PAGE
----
Thirdly, the author divides bitters into those that are “aromatic” and those that are “potable.”  Drink books of yore reveal no consensus on the names of the two types of bitters, so the author and everyone else today are using whatever terms that they like.  I would say that petite bitters are also potable, especially when mixed into drinks.  I call the two types of bitters ‘petite bitters’ and ‘grand bitters.’  Either way, the main difference is that petite bitters should never be sweetened by the manufacturer, while grand bitters (sold in larger bottles) are almost always sweetened by the manufacturer and are thusly also appropriate for unmixed use.  This important point is not mentioned by the author.

Fourthly, the author gives a number of recipes for making bitters that include relatively low-proof spirits.  Traditionally, bitters were made by combining aromatic macerations with aromatic infusions.  The maceration would be accomplished by placing aromatic material in and over-proof spirit of about 190 proof or higher.  The higher proof the spirit, the better it macerates out alcohol-soluble compounds from the aromatic material.  A separate treatment would be set up by placing aromatic material (usually the same as used in the maceration) in pure water infuse into it the water soluble compounds from the aromatic material.  Since some aromatic compounds are best extracted by maceration in highly over-proof spirits while others are best extracted by infusion in pure water, traditional bitters are a combination of both.  So, the final steps in making bitters must include the combination of a maceration and an infusion.  This almost-perfectly-whole extraction and preservation or aromatic material is what the word ‘bitters’ should require.  Unfortunately, many makers today use shortcuts, or maceration in vodka or whiskey.  Such methods are simpler, but produce so-called bitters that are not fully functional at removing the sensation of the harshness of ethanol in true cocktails.  I suppose that shouldn’t be surprising, since the ‘call-em-all-cocktails’ crowd seems to believe that petite bitters are nothing more than aromatic flavoring additives.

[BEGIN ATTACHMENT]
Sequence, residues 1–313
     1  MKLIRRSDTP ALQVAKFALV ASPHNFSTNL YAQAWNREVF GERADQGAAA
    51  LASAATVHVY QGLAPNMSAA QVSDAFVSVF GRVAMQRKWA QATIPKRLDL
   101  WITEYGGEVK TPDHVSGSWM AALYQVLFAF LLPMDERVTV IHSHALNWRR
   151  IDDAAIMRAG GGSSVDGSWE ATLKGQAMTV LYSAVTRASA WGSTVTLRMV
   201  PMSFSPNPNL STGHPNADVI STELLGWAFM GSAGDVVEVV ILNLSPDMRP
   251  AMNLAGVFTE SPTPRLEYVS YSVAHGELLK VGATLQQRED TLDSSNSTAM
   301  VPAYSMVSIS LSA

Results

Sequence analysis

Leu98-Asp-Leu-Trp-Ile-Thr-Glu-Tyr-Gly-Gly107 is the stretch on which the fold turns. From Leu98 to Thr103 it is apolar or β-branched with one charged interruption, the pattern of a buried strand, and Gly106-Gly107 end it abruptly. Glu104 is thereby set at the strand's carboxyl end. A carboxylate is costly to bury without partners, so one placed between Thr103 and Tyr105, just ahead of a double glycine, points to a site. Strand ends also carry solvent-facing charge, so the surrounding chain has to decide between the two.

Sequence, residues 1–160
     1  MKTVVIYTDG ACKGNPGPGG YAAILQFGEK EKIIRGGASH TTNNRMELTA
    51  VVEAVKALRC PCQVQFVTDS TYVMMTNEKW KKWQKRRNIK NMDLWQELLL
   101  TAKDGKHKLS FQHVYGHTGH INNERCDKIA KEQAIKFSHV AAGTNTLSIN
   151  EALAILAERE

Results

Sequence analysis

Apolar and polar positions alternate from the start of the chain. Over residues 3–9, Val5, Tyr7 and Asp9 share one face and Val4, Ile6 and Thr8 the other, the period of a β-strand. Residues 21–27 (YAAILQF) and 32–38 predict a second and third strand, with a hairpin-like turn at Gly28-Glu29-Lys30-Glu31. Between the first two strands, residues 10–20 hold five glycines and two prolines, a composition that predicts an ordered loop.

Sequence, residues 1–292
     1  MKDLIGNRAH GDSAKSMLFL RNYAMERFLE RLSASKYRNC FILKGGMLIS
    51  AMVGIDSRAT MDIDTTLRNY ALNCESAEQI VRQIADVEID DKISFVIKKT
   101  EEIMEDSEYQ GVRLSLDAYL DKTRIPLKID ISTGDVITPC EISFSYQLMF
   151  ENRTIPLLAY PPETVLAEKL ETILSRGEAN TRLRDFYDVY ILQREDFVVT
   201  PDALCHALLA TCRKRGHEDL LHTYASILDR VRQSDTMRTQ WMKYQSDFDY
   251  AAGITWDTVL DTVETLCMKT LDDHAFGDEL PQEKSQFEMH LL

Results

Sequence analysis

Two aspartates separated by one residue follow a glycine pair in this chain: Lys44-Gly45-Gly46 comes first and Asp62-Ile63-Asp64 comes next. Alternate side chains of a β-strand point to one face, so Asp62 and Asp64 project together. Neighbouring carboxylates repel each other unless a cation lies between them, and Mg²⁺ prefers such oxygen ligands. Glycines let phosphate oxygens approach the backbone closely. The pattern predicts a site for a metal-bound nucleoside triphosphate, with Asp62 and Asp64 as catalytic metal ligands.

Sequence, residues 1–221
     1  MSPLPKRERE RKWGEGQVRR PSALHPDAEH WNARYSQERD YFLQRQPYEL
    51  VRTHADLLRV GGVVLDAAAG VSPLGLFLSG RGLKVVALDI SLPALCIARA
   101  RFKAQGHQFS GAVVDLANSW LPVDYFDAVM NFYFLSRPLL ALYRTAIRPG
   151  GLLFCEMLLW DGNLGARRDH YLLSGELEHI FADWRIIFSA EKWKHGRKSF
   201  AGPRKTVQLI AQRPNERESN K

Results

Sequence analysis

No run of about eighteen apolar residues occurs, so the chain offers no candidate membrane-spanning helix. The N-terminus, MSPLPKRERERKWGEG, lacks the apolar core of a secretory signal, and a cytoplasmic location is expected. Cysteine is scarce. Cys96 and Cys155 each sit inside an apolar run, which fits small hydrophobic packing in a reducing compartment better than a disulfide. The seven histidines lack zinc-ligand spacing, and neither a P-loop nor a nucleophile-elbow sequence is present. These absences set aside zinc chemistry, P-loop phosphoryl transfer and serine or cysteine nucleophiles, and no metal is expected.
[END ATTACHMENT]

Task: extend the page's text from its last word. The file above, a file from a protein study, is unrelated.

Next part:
But even the above-mentioned recipes create nowhere near as poor a product as any so-called bitters by Fee Brothers.  That company makes nothing that tradition would call bitters.  Look at the label – they use no alcohol at all, and hence no maceration.  Instead they suspend flavorings in glycerine.  This should be no surprise – remember their motto, “don’t squeeze, use Fee’s.”  Do you really want glycerine-based so-called bitters from a company that tells you that it’s better to use their sour mix than to squeeze lemon juice?  Well, the author of “Bitters” apparently does.  He recommends Fee Brothers bitters with seeming enthusiasm.  A bottle of Fee Brothers bitters is even shown on the cover of the book with the word “glycerine” clearly visible in the ingredients listing.  I suppose this should be no surprise since the next bottle in the photograph is Regan’s orange bitters.  Just taste test Regan’s orange bitters versus Angostura orange bitters.  Enough said.

I won’t bother going into the mixed drink recipes.  I will just note that this book, like all others by the modern “call-em-all-cocktails” crowd, has no sense of a basic portion of liquor in any given drink, and is just as de-jiggered as books from the worst days of American bar books.  Better, more-properly-jiggered, versions of almost all of the drinks the author presents can be found in the books they were originally published in.  Imagine that.

So, what do I recommend?  If you know nothing at all about bitters, or if you just want a coffee table book to assert your membership in the “hipster-bartenders-agog-over-bitters” club, go ahead and buy it (right after you put some more wax on your handlebar mustache and send out your vest and Ascot tie to be laundered).  Otherwise, save your money.